Embrace the Volatility: Get Backup RBs on Good NFL Teams
My redraft strategy hinges on scooping up a bunch of running backs late in drafts who could—just maybe—inherit a full workload when volatility strikes during the NFL season’s long slog.
While I don’t discount drafting backups runners on bad NFL teams, I try to roster at least a few backs on the league’s best teams who could end up with reliable early-down work if injuries strike or Bane hatches another evil plot at an NFL stadium.
The idea seems sound: rostering backup runners on teams that will see plenty of positive game script means those guys should see lots of second-half carries when their team has a lead and can continue running the rock to bleed the clock. It’s the less-than-great teams that are often forced into one-dimensional pass-first offensive attacks as they chase points—except for teams coached by dinosaurs like Jeff Fisher and John Fox.
I didn't have the statistical proof showing this process was in fact not terrible. So I did what I always do and compiled a bunch of numbers.
Below is a quick look at the difference between rushing attempts among NFL teams that ended the season with at least 11 wins, and those that didn’t win more than five games. The cutoffs, admittedly, are a bit arbitrary. There were a handful of 10-win squads that established the run and never relented on the ground attack. Alas, a cutoff had to be made, so I made it. Scream at your computer screen if you disagree.
|Year||Rushing Att., 11+ Win Teams||Rushing Att., 11+ Loss Teams|
The starkest difference, as you can see, came in 2018, with the good teams running the ball 58 times more than the lowly teams over the season. The 2016 and 2017 seasons had slightly less eye-opening results, but the point stands: NFL teams that win a lot of games are in position to run the ball more, and perhaps most importantly, more consistently (the rushing attempts averages among the worst 2017 teams were buoyed by the five-win Broncos running the ball 457 times and the four-win Colts posting 451 rushes). We’ve all been there: you have the workhorse running back for a team going into a road game with his team as a 12-point underdog. Single-digit carries are certainly in the range of outcomes for the beleaguered workhorse. Do you start said workhorse over the timeshare running back on the good team who could easily fall into a bunch of late-game carries? You don't know, so you yell "the process" into an embroidered pillow for a few minutes.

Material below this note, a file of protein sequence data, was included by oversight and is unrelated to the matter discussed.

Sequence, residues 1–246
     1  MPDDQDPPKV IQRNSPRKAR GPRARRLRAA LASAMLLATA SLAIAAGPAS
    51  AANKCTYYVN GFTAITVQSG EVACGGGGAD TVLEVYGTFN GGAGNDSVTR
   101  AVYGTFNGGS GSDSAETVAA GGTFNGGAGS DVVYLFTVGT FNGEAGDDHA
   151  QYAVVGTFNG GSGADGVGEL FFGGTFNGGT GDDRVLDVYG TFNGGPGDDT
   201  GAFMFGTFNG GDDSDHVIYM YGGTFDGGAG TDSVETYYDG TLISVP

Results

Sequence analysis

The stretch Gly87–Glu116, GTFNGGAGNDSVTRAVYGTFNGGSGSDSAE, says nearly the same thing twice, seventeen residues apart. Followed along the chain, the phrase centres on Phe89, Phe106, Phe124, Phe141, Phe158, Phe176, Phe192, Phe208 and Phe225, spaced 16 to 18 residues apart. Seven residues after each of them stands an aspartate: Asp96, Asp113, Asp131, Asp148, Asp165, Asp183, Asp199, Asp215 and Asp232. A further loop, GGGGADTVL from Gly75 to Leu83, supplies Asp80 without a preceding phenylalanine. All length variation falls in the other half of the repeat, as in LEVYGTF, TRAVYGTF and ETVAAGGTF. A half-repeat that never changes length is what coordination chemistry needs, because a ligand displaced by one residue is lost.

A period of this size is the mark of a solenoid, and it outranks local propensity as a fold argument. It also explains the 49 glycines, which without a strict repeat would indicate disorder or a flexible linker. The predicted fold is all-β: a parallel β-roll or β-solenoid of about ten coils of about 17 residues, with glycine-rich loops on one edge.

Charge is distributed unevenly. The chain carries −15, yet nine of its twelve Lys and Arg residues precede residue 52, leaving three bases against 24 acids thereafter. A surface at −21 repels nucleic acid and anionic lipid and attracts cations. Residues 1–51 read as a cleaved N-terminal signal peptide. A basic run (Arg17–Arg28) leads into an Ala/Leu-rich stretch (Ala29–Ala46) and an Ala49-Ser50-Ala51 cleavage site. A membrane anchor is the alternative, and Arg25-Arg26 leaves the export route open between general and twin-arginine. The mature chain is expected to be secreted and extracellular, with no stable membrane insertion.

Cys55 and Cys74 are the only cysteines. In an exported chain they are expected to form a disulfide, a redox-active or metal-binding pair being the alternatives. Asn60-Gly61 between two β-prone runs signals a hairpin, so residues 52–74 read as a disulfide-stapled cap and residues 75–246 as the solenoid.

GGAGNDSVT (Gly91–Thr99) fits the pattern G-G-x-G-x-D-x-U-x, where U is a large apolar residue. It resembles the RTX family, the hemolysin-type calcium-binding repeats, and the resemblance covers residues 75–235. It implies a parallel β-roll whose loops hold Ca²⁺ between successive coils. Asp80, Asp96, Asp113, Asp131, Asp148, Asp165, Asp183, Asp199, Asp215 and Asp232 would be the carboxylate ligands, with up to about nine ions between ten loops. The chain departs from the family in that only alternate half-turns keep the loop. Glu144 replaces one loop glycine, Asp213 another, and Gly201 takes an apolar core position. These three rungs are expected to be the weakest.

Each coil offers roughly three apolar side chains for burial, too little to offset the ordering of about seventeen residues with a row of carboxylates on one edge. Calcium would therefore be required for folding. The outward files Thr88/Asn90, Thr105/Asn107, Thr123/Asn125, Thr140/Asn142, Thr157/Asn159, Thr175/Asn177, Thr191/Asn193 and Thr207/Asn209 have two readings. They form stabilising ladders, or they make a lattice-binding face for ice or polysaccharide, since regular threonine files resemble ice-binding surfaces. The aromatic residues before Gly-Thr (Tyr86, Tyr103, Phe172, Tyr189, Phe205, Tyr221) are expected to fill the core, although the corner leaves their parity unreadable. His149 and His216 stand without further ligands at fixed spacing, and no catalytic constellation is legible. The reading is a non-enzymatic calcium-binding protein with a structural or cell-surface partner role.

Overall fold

Before we get into who, exactly, could benefit from positive game script in 2019, let’s do a quick case study examining the real-life effects of positive script. The 2018 Saints, winner of 13 games, ran the ball 10.43 times on average in the fourth quarter, while the six-win Packers notched an average of 4.87 rushes in the fourth quarter. The six-win Bengals ran the ball 5.8 times per fourth quarter in 2018. Meanwhile, the Bears—winner of 12 games in 2018—posted 7.93 fourth-quarter rushes. On a single-game basis, it doesn’t seem like a massive difference. But it is. This is the epicenter of rushing volume—to ignore it is to eschew the most important piece of fantasy football’s maddening puzzle.
Let’s get into the running backs who could wind up being plug and play options hauling the pigskin for winning NFL teams that almost always have the luxury of keeping it on the ground in the second half of games.
Forget chasing pass-catching backs, those third-down specialist fantasy teases. We want the full running back workload, the whole enchilada—hold the guac because I’m allergic.
Whatever you think of Murray—and maybe it’s not much—you have to like that the big guy likely has every-week value along with the unspeakable upside of being the main ball carrier should something happen to Alvin Kamara. You’re drafting Murray in the seventh or eighth round of 12-team redraft leagues for the same reason you took Mark Ingram, who averaged 13.2 rush attempts per game over his final 28 games with New Orleans. The upside is downright tantalizing.
Probably Kansas City won’t suck this year, which should set up that good old fashioned positive game script for Damien Williams. And if something befalls the polarizing Chiefs runner, there’s Carlos Hyde, available in the 10th or 11th round. Hyde likely won’t be useful for fantasy players until or unless Williams goes down, but it seems he would be the guy to get the work. I don’t care the Hyde had been bad in his whirlwind tour of NFL teams. He’s a running back. He doesn’t matter. Any back will be able to post solid numbers in Patrick Mahomes’ Perfect Machine. Hyde is something close to an auto-draft for me in the 10th if I’ve gone receiver heavy to start a draft.
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